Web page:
Wait, you're not being fair, CentOS also ...
If you've read my CentOS articles - and there's a whole bunch of them - tested on this same laptop, you will notice that this distribution also has problems with the network. True. But it didn't have the proprietary firmware to begin with. Once I've supplied it, the network was up and running. We're talking kernel 3.X versus this brand-new kernel 4.9. Moreover, as you're familiar with my Realtek woes on the Lenovo G50 laptop, you also know that the issues have been resolved with kernels 4.8.7 and above, so there's no reason whatsoever for this pointless, moral-sapping fiasco that was affecting me. Recent releases of Kubuntu and Manjaro both work splendidly with the Realtek card. This is some sort of regression, and it's specific to Debian and Debian only.
Debian comes with the right firmware - and a broken implementation. This is in conflict and contrast to my previous findings on a dozen other Debian-based distributions over the past couple of years. Debian comes with a modern kernel and yet, it has a network implementation that is years behind the market. So maybe CentOS started with problems, but after I had the module loaded, and even better, once I used my tweak for the Realtek card, it was dandy. Therein lies the difference. If I can't make basic progress in the live session, there's no point doing much else. This happened with Squeeze and it happened against with Stretch, six years apart. Awful.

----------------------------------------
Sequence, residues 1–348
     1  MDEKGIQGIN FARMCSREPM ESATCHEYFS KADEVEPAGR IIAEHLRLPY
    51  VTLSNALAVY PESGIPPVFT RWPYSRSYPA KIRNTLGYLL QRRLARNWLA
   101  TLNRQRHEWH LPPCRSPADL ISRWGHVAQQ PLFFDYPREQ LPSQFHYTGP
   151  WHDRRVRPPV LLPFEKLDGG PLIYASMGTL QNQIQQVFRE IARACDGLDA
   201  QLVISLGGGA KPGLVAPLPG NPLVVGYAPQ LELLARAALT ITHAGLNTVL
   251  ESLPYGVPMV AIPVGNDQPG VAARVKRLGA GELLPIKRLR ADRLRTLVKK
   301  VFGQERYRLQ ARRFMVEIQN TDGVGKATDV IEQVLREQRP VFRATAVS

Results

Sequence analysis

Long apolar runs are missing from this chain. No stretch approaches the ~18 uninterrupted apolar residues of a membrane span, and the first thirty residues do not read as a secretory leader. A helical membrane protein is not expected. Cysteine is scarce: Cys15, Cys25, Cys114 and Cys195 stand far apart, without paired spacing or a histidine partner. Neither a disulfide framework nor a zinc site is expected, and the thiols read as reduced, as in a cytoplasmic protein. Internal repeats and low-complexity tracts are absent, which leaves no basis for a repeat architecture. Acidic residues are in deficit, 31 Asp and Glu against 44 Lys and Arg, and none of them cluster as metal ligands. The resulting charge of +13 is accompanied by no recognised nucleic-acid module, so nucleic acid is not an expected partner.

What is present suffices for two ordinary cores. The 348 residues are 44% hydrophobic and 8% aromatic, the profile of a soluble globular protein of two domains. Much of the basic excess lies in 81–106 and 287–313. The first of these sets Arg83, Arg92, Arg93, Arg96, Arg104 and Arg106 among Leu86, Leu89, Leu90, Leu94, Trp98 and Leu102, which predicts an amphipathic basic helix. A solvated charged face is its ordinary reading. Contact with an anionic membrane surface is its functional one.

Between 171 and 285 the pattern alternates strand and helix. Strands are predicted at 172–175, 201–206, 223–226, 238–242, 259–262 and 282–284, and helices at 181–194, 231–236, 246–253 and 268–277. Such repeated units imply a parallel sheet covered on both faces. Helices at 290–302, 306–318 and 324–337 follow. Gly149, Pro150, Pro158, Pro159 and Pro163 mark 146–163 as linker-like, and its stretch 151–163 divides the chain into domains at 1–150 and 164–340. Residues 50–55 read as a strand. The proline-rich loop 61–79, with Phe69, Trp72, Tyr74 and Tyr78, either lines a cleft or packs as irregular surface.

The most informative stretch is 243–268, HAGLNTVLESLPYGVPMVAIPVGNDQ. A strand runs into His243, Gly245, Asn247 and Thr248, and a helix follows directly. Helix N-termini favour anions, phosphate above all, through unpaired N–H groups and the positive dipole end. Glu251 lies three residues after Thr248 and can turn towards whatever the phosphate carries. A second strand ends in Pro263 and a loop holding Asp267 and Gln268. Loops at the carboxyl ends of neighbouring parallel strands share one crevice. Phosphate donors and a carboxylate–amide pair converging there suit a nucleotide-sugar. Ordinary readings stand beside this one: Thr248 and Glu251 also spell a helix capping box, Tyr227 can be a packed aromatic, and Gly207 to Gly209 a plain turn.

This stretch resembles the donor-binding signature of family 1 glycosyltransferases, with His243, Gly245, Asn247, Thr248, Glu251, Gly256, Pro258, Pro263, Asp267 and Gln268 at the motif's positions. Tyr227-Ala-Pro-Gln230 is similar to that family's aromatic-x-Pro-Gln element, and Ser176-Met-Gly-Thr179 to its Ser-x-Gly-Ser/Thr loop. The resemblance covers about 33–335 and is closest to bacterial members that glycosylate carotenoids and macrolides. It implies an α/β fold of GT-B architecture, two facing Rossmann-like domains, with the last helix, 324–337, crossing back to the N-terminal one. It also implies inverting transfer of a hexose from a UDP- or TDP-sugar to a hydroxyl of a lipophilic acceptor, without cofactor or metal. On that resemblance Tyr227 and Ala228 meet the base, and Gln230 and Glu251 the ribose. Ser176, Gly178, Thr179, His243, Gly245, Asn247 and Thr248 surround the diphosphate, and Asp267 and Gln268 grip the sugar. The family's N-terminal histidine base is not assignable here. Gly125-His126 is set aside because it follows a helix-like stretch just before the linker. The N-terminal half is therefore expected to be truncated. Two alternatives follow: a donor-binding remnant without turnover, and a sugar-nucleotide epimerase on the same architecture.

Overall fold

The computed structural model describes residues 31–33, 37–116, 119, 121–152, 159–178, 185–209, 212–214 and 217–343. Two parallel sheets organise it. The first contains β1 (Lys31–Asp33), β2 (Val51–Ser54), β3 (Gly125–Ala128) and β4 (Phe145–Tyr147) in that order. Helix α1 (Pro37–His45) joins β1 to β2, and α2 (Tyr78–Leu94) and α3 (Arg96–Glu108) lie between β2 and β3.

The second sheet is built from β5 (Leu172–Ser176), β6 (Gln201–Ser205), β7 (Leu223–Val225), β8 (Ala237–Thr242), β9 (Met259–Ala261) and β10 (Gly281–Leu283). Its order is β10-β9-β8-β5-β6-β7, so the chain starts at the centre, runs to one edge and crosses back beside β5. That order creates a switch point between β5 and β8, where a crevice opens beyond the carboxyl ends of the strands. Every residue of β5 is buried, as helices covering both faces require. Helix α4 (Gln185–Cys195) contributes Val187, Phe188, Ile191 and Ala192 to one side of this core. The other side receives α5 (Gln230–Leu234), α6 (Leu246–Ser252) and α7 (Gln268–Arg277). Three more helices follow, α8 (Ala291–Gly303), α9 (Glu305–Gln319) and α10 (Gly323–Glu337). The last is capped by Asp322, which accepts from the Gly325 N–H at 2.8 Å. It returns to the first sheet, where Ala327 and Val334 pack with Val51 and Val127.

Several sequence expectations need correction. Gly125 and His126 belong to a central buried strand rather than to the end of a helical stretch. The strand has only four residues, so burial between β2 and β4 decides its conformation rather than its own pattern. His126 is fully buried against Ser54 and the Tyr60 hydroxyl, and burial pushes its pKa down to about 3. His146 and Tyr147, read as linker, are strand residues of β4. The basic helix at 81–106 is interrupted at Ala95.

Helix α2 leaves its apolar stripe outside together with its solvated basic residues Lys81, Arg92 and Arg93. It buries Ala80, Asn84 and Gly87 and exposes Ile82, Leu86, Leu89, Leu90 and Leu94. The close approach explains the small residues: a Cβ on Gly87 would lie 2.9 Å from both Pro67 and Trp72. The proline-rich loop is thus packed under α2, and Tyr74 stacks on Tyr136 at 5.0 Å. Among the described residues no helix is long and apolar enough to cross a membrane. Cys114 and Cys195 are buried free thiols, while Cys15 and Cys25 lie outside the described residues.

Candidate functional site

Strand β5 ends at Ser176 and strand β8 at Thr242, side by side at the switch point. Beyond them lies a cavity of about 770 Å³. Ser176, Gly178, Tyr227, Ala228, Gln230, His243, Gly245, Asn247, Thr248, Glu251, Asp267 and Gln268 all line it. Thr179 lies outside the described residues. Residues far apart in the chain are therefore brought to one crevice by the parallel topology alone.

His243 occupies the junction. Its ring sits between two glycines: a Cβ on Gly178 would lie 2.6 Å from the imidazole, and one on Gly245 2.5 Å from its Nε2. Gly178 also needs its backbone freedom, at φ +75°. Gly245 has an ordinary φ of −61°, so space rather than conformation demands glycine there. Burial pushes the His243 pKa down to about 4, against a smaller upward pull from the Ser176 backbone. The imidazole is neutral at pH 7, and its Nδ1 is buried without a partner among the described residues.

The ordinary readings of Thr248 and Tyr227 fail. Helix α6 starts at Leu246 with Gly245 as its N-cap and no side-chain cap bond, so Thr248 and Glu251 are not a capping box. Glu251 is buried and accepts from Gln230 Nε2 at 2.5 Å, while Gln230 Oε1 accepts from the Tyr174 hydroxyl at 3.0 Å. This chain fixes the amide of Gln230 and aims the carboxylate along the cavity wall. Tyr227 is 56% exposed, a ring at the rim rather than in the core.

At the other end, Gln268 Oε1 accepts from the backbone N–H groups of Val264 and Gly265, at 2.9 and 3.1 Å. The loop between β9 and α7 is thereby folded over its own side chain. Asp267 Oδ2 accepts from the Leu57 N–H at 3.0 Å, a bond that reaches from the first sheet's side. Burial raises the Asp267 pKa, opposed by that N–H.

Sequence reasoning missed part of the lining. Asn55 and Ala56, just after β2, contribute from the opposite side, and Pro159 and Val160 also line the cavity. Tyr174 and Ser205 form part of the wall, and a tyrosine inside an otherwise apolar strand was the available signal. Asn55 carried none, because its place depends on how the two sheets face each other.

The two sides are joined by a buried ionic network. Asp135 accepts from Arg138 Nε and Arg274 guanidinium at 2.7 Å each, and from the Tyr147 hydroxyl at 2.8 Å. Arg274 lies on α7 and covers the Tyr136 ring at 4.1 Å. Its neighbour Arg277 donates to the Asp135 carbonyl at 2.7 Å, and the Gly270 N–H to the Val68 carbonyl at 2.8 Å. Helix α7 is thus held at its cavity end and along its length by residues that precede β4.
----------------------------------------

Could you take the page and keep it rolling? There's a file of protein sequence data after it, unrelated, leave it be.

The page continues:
Debian 9 Stretch is a horrible disappointment. It's a completely unusable product in my scenario, and I see no real reason why I should bother using it. Ubuntu and friends offer a superior experience. Perhaps Debian serves a purposes somewhere, but I fail to see it. What really irks me is that in six or so years since I've last tried it, it's as if nothing at all has changed. Exactly the same kind of issues, only different hardware and kernel modules.
Perhaps without Debian we wouldn't have Ubuntu and such. For that matter, we also wouldn't have pyramids without slaves. But that does not mean we should be grateful for slavery in giving us big stony architecture. Similarly, Debian may be a baseline for many other distributions. But on its own, without a thick layer of customization and changes, it fails horribly on the desktop. This test makes me sad and angry. Because I know an end when I see one. It's still a few years away, but it will inevitably come. Anyway, completely not recommended. My last venture into Debian this way. We're done.